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You Have the Right to..... By: Mary Ellen Wessel
Indicator <ul><li>2.2.1 Explain that the United States government is founded on the belief of equal rights for its citizen...
Definitions <ul><li>Citizen – someone with rights and responsibilities in a particular community, city, state or country. ...
Research <ul><li>Some of the freedoms and rights protected in the Bill of Rights include:  </li></ul><ul><li>· Freedom of ...
Activity Day 1 <ul><li>Make a 2 column chart on the board. Label 1 rights and the other responsibilities. </li></ul><ul><l...
Activity Day 2 <ul><li>Divide the class into four groups. </li></ul><ul><li>Give each group a poster board and a set of ma...
Activity Day 3 <ul><li>Review rights and responsibilities with students. </li></ul><ul><li>Review the rights and responsib...
Activity Day 4 <ul><li>Share books with the students that discuss the Bill of Rights. Such as A Kids' Guide to America's B...
Activity Day 5 <ul><li>Review the rights and responsibilities for school and the community. </li></ul><ul><li>Then discuss...
Resources <ul><li>Dictonary.com. Retrieved (2009, November 2) from  http://dictionary.reference.com/ </li></ul><ul><li>Kru...
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Standard Activity 2.2.1

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Transcript of "Standard Activity 2.2.1"

  1. 1. You Have the Right to..... By: Mary Ellen Wessel
  2. 2. Indicator <ul><li>2.2.1 Explain that the United States government is founded on the belief of equal rights for its citizens. (Individuals, Society and Culture) </li></ul><ul><li>http://www.indianastandards.org/files/soc/ss_2_2_1.pdf </li></ul>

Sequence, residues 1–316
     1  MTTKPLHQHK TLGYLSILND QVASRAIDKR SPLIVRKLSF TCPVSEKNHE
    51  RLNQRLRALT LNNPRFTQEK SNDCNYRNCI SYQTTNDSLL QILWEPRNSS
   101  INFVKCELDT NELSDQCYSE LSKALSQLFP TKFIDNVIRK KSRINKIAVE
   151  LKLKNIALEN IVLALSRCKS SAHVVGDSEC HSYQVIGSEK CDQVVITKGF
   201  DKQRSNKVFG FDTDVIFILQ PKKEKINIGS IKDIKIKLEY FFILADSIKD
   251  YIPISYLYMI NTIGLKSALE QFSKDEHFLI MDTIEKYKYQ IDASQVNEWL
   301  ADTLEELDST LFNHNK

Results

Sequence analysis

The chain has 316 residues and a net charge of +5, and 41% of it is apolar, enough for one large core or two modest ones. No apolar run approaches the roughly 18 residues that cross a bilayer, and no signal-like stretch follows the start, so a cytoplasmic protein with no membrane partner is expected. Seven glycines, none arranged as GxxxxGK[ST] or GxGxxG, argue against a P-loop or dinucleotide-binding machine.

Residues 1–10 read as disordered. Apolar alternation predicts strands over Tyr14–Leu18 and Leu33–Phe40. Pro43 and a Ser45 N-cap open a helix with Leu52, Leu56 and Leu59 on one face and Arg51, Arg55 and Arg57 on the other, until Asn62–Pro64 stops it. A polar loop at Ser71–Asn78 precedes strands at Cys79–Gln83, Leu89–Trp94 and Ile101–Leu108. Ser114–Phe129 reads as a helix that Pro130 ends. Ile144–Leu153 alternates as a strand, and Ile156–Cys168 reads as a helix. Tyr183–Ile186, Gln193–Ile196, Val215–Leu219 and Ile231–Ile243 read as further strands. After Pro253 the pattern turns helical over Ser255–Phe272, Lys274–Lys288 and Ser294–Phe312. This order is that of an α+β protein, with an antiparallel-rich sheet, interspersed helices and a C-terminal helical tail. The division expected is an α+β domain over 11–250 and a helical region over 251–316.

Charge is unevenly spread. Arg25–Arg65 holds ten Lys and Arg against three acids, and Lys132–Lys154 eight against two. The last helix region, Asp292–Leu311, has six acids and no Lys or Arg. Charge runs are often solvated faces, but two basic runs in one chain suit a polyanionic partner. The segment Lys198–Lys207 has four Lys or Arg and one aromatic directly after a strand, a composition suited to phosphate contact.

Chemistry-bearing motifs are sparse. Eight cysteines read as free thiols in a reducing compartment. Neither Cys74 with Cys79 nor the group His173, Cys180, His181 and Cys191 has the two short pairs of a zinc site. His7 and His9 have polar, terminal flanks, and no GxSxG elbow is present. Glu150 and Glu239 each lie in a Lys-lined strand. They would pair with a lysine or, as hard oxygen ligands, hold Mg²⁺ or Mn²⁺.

3. 3. Definitions <ul><li>Citizen – someone with rights and responsibilities in a particular community, city, state or country. </li></ul><ul><li>Rights - that which is due to anyone by just claim, legal guarantees, moral principles, etc.: women's rights; Freedom of speech is a right of all Americans. </li></ul><ul><li>Responsibilities - answerable or accountable, as for something within one's power, control, or management (often fol. by to or for): He is responsible to the president for his decisions . </li></ul>
  4. 4. Research <ul><li>Some of the freedoms and rights protected in the Bill of Rights include: </li></ul><ul><li>· Freedom of Religion </li></ul><ul><li>· Freedom of Assembly </li></ul><ul><li>· To Keep and Bear Arms </li></ul><ul><li>· Freedom of Speech </li></ul><ul><li>· Freedom of the Press </li></ul><ul><li>· Protection for those Accused of Crimes </li></ul><ul><li>http://bensguide.gpo.gov/3-5/citizenship/rights.html </li></ul>
  5. 5. Activity Day 1 <ul><li>Make a 2 column chart on the board. Label 1 rights and the other responsibilities. </li></ul><ul><li>Tell students that, as citizens of the US, they have certain rights. </li></ul><ul><li>Guide students to think about some rights they have as citizens of the community and list these under “Rights.” </li></ul><ul><li>Ask students what rights they have at school. </li></ul><ul><li>List the responses in the “Rights” column. </li></ul><ul><li>Explain to students that for each right there is a responsibility. </li></ul><ul><li>Ask students what responsibilities they have as a student. Put responses under the “Responsibilities” column. </li></ul><ul><li>Ask students what responsibilities they have as a citizen of the community. Put responses under the “Responsibilities” column. </li></ul>